Thursday, December 4, 2014

How much does a millstone weigh?

Not far from the college where I teach is an old millstone laying decoratively on the ground.

I've been doing some research on millstones lately so I was wondering how much a typical millstone like this would weigh.  Measuring it gives the following dimensions:

   Diameter = 53 in
   Thickness = 8 in
   Hole = 13 in square

This millstone happens to be made of Shawangunk conglomerate which is composed almost entirely of quartz.  All geologists know the density of quartz which is 2.7 g/cm3.  I want to keep everything in more familiar units so that corresponds to about 0.1 lb/in3.

The volume (V) of the millstone would be:

   V = π (d/2)2 t

where d is the diameter of the millstone and t is the thickness.

   V = 3.14 (53 in / 2)2 (8 in)
   V =  17,641 in3

We have to subtract out the volume of the square hole in the middle (13 in * 13 in * 8 in = 1,352 in3)

   V = 17,641 in3 - 1,352 in3
   V = 16,289 in3

Now we can multiply this by the density of quartz to get the weight of the millstone.

   Weight = 16,289 in3 * 0.1 lb/in3 = 1,629 lb

Over 3/4 ton!  Imagine moving this many miles, over rough terrain, with man power, a wagon, and maybe a mule or two.


  1. Which is why they cost about $2000, if you can find one

  2. Do you have any data on the dates these millstones were mined? Before steamboats and railroads it would take quite a bit of effort tyo move these big rocks!

    We have similar outcroppings to make millstones in East Tennessee and the earliest grist mills appeared in the late 1700s. While the French Burrstones may have been easily delivered in the 1880s, the earlier mills used local product which was claimed by the State Geologist in 1855 to be as good as the French burrstones.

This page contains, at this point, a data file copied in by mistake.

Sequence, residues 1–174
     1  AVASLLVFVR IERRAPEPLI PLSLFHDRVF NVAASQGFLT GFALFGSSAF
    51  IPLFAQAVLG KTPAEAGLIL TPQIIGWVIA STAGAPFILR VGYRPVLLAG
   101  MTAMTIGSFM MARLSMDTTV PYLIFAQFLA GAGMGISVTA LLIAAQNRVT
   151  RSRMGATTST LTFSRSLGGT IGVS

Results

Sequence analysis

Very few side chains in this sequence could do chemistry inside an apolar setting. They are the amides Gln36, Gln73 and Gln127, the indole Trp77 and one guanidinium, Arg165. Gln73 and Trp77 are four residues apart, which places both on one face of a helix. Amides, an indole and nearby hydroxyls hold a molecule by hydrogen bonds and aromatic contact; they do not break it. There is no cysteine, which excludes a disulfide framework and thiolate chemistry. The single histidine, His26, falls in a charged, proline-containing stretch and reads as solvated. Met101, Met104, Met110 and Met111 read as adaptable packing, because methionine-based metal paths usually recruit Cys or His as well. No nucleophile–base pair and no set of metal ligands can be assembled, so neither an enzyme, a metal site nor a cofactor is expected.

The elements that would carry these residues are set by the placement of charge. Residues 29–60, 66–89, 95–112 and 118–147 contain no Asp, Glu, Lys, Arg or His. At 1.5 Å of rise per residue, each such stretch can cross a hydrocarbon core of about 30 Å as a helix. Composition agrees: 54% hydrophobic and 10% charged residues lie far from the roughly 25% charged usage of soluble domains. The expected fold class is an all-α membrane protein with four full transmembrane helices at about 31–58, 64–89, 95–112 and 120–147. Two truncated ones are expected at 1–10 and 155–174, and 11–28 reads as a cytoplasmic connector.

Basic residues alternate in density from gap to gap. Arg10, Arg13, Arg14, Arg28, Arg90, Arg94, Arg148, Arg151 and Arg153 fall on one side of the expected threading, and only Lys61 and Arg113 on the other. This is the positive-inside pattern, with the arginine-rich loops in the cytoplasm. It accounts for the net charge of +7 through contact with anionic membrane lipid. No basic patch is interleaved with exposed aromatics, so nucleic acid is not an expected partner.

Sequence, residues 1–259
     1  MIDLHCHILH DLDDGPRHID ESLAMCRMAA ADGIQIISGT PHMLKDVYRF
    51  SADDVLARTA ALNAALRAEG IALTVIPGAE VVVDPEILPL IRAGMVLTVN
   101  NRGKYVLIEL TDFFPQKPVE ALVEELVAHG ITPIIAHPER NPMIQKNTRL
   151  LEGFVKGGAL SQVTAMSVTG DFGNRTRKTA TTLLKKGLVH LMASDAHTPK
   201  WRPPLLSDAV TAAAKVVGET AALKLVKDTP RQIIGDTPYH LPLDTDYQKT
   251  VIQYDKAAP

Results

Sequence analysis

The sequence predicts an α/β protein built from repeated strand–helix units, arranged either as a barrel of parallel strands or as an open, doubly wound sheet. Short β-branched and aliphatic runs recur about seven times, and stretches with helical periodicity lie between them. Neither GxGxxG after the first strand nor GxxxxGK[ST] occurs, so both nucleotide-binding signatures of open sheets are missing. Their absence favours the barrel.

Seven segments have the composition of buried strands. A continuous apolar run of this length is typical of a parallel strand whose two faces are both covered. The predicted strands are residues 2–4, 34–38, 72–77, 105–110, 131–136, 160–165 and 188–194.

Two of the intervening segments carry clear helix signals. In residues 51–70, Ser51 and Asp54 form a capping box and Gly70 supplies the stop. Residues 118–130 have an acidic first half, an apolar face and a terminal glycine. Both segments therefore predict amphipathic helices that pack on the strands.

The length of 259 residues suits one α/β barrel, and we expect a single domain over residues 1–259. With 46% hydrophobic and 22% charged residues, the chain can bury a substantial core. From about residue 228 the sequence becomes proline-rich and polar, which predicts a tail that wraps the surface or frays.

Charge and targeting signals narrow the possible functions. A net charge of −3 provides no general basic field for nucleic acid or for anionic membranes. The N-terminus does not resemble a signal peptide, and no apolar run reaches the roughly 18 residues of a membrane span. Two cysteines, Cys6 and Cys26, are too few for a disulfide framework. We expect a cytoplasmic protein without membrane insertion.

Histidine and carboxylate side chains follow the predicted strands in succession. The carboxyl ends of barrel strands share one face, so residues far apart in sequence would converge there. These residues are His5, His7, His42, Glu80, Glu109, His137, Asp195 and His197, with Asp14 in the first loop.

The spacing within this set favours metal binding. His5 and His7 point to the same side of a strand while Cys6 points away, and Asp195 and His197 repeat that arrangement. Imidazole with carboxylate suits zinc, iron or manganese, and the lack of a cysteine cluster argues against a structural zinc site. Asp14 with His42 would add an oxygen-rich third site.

3. Mid-1700s to mid-1900s. Started before railroads and were originally moved by sledge and horse-drawn carts.

  4. May I have your permission to use the photograph of the millstone in an article I am writing? I will of course credit it to this blog.

  5. Replies
    1. And that has relevancy to my post in what way?

    2. Mark 9:42-48 “Whoever causes one of these little ones who believe in me to sin, mit would be better for him if a great millstone were hung around his neck and he were thrown into the sea. And if your hand causes you to sin, cut it off. It is better for you to enter life crippled than with two hands to go to hell, to pthe unquenchable fire. And if your foot causes you to sin, cut it off. It is better for you to enter life lame than with two feet to be thrown into hell. And if your eye causes you to sin, tear it out. It is better for you to enter the kingdom of God with one eye than with two eyes to be thrown into shell, ‘where their worm does not die and the fire is not quenched."

      There is a horrible judgment coming and the wrath of God on this earth and every sinner because we sinned and rebelled against holy and righteous God who creted us. The wrath of God coming on every sinner, who didn't turn from his sin to Jesus. And Jesus used this example with milestone so that we can see how horrible the judgement will be. Therefore embrace Jesus Christ as your savior. He, the Son of God, pure and innocent went freewilling to die horrible death on the cross. He suffered the righteous and holy wrath of God, which sinners deserve and was resurrected. Now, you can also flee from the wrath of God to his loving and merciful hands, when you turn from your sinful life and put all your trust in finished work of Jesus Christ.

      "Whoever believes in the Son has eternal life; zwhoever does not obey the Son shall not see life, but the wrath of God remains on him."

      May God bless you and redeem you.

  6. It's ironic that the self-righteous individual made the post above. I searched what the weight of a millstone is expressly because of doing research on that scripture. It's also ironic that presumptuousness is a sin worthy of death. Maybe in time they will gain accurate knowledge and do something productive with it.

  7. Thank you for this calculation. We have two millstone halves with identical dimensions that were put in place in 1912 as steps off our front porch. They were tilted and sunken and we finally tackled the job of putting them back in place. Interesting to know the approximate weight we were dealing with. Our house was the miller's log house in the 1820s. The 1912 owner was still running the mill but obviously had extra millstones lying around...there are three more in the landscape from that era. (Location: west central Ohio)